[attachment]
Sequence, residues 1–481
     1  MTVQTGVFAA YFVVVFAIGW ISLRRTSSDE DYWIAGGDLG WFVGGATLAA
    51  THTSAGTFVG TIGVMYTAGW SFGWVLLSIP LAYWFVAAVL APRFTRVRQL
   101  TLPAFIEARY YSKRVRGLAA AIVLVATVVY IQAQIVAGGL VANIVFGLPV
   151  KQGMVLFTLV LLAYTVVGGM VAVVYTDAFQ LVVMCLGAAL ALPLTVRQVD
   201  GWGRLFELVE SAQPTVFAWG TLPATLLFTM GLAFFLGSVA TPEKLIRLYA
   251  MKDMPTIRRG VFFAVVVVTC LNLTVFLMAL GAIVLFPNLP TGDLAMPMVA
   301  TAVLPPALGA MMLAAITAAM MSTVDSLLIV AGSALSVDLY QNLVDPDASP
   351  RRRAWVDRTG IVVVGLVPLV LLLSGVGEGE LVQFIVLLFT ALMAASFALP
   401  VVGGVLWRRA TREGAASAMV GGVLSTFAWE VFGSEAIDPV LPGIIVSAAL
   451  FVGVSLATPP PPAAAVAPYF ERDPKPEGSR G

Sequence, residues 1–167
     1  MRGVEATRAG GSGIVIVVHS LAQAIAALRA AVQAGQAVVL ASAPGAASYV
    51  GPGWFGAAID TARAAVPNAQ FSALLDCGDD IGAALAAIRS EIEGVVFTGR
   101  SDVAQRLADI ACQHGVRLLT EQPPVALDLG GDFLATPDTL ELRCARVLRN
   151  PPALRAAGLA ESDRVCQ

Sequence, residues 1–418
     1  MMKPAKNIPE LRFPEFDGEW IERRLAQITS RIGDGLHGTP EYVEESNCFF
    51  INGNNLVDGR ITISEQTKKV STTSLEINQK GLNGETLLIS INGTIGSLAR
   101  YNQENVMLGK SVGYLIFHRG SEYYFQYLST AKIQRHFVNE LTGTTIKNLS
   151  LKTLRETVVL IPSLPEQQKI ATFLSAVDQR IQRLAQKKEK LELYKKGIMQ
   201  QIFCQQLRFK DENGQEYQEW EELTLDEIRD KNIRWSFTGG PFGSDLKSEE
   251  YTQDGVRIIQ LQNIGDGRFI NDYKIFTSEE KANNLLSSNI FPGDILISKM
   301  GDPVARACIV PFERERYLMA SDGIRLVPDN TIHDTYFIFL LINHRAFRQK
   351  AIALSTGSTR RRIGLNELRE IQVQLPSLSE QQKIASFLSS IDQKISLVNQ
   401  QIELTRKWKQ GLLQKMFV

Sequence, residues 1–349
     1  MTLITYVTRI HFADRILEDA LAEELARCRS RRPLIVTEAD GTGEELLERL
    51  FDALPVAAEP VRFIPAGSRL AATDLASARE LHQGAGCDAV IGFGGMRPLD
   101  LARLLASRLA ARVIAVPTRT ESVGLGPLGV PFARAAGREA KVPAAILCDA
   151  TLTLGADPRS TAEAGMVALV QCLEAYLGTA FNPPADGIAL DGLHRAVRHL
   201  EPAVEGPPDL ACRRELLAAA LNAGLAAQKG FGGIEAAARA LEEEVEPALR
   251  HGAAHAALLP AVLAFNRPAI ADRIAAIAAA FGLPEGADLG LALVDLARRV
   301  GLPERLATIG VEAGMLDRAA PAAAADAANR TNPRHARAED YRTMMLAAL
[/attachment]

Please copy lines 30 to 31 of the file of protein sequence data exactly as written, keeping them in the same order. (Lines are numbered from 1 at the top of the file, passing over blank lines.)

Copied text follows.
   101  LARLLASRLA ARVIAVPTRT ESVGLGPLGV PFARAAGREA KVPAAILCDA
   151  TLTLGADPRS TAEAGMVALV QCLEAYLGTA FNPPADGIAL DGLHRAVRHL